Why is it so hard to catch men who sell teen girls for sex?
Like a lot of 14-year-old girls, all Shaquana wanted was a boyfriend. The skinny Brooklyn, N.Y. eighth-grader was on the honor roll at school, but unhappy at home. She hadn't seen her father in years, and endured constant teasing about her looks from her siblings and verbal abuse from her strict, religious mother.
“I used to pray every night that God would make me prettier and give me a boyfriend,” says Shaquna, now 20, who asked that her last name not be used for this story.
In the spring of 2004, her prayers were answered – or so she thought. Every day after school, as Shaquana walked to her job at a local farmers' market, she'd pass a guy who tried to get her attention. You're so cute, he'd tell her. Come here and talk to me. Shaquana ignored him for a while, but after a couple of weeks, she relented. The two exchanged numbers and started talking on the phone. She told him she was 15; she thought he was probably about 17.
“He made me feel really comfortable,” she remembers. Soon, they were meeting at the local park, then hanging out at his apartment, where he started to pressure her for sex. “I told him it was a sin, but he was like, 'I like you a lot, and if you like me you're gonna do it.' I thought that meant we would be together forever.”
She was wrong. After they had sex a few times, he stopped calling, and told her to stop coming around. She was devastated, and finally went to his place to beg him to take her back. That's when he told her the truth: he was 26 years old ?and a pimp.
“He said, 'I don't have time for little girls,'” she says. “He told me if I wanted to be with him I had to work for him, or just get lost. I was so focused on being with him that I said I would.” Soon, Shaquana was going on “dates” he set up for her. He taught her how to perform oral sex, and strung her along, being nice one minute, manipulative the next. Shaquana says she felt completely trapped. “It was so degrading, and I felt like I was the only one my age who could possibly be doing this.”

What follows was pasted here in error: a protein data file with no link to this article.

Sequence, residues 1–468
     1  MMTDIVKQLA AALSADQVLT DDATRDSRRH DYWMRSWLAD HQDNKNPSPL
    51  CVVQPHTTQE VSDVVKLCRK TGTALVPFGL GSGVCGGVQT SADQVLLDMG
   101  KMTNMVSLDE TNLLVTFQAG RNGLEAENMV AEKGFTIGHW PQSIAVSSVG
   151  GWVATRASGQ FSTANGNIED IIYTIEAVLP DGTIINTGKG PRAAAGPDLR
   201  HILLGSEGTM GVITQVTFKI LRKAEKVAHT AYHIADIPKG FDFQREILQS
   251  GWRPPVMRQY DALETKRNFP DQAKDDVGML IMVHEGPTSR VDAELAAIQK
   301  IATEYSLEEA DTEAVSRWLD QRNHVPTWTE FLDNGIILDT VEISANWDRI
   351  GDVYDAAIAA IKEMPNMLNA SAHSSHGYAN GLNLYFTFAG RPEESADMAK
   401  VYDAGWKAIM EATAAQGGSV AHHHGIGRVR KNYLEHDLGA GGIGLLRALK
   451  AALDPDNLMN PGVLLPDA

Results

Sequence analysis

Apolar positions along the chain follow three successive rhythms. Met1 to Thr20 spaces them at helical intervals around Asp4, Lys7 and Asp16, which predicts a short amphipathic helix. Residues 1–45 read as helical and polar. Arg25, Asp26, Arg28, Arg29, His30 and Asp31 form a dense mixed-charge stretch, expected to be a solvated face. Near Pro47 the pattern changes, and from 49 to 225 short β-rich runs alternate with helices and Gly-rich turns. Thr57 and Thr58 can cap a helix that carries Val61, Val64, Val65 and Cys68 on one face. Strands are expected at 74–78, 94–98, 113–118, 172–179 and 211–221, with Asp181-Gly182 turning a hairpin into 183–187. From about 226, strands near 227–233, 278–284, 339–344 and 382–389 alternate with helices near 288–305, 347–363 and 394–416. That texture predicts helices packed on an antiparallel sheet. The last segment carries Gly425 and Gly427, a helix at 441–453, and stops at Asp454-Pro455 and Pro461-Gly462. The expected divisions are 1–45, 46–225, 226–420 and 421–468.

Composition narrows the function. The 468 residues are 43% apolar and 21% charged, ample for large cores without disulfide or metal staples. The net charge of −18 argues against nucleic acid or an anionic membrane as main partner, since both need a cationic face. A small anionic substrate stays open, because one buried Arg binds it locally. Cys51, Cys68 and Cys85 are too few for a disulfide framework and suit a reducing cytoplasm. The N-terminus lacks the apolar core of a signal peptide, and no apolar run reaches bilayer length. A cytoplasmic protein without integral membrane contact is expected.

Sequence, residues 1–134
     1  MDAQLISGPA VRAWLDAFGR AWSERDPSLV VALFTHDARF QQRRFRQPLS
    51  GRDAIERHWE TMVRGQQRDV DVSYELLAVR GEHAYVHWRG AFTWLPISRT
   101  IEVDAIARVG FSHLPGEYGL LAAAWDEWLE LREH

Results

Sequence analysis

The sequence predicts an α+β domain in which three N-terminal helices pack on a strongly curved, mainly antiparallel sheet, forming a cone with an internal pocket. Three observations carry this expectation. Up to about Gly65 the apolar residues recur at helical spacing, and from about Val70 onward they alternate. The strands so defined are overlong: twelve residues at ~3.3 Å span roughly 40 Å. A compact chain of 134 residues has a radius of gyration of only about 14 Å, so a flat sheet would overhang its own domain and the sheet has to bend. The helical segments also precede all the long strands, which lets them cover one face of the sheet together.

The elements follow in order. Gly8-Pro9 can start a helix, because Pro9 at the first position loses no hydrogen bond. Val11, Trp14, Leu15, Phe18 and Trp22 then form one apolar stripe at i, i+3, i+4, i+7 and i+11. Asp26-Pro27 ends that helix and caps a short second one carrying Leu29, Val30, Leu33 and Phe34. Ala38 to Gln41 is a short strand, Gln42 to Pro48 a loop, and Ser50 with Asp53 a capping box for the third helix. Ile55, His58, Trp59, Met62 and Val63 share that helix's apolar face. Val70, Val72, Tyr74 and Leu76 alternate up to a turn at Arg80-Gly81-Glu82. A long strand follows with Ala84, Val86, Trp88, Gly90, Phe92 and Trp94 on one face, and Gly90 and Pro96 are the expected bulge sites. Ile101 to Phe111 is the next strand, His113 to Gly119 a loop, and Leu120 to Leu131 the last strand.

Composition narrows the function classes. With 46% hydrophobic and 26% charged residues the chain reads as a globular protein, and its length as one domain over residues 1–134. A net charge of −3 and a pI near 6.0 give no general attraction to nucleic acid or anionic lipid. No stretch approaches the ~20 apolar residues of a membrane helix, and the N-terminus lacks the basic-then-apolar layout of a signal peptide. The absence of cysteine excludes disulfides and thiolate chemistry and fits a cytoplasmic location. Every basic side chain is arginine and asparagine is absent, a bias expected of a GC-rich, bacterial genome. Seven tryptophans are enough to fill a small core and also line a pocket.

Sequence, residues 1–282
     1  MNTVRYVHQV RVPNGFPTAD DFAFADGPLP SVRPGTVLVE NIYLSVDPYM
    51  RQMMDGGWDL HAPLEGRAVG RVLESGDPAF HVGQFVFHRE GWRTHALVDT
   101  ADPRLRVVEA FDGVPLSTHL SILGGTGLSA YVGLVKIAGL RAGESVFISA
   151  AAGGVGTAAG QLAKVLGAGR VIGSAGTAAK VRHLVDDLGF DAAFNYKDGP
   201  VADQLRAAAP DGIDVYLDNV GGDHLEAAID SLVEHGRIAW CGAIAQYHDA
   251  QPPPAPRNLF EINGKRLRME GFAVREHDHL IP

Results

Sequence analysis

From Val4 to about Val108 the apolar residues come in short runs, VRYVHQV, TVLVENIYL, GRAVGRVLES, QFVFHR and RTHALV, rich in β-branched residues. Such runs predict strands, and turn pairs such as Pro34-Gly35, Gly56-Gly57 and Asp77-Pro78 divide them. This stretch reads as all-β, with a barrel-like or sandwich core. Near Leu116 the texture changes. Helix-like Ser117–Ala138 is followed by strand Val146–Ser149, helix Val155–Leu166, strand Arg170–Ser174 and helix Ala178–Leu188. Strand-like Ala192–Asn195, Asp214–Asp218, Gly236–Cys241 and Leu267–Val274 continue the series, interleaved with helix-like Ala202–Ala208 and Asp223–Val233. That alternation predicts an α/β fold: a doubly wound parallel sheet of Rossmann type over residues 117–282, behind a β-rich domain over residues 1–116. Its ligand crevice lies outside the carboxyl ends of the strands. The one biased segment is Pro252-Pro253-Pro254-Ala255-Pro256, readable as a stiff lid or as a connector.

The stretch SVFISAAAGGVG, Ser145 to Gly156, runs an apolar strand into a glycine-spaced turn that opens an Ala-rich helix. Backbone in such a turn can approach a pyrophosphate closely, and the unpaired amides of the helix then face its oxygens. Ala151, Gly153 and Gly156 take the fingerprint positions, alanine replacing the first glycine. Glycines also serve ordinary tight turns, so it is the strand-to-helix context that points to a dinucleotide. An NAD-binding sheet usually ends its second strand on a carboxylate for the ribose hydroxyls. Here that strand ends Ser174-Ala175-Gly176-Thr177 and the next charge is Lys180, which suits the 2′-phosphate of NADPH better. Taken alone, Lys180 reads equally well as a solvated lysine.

She wasn't. By some estimates, there may be as many as 100,000 minors involved in the sex trade in the United States. The issue of under-age prostitution in the U.S. broke wide open last month when authorities say a young girl met football legend Lawrence Taylor in a New York motel room. Taylor, whose case will soon be presented to the grand jury, allegedly paid the 16-year-old runaway $300 for sex.
The girl's alleged pimp, a man named Rasheed Davis, has also been indicted on charges of sex trafficking. But Davis may have nothing to worry about. The fact is that the men who pimp and pay for sex with underage girls in America typically do so with little fear of being prosecuted.
According to advocates and law enforcement authorities, witness intimidation and a lack of resources are persistent challenges. More troubling still, the cultural glamorization of pimps suggests that while our society treats child molesters as monsters, it glorifies men who turn troubled children into money-making sex machines. Examples range from the Oscar nominated pimp-with-a-heart-of-gold flick “Hustle & Flow” to the fact that the very word “pimp” has become synonymous with cool.
And there is little law enforcement can do to combat the insidious “coolness” of pimping.
“You have self proclaimed pimps and drug dealers like Ice T, who capitalized on the lifestyle,” says Officer Jim Saleda of the Oakland Police Department. “I find it ironic that he now makes a ton of money playing a sexual assault detective on Law and Order: SVU.”
Saleda has been working “the track” (a street or corner where prostitutes wait for johns) for 10 years, and thinks the lack of attention paid to these exploiters is despicable: “These guys, they're predators, they're parasites – they prey on these kids just like a pedophile does.”
But when it comes to sex-for-money, advocates say our social attitudes are out of whack.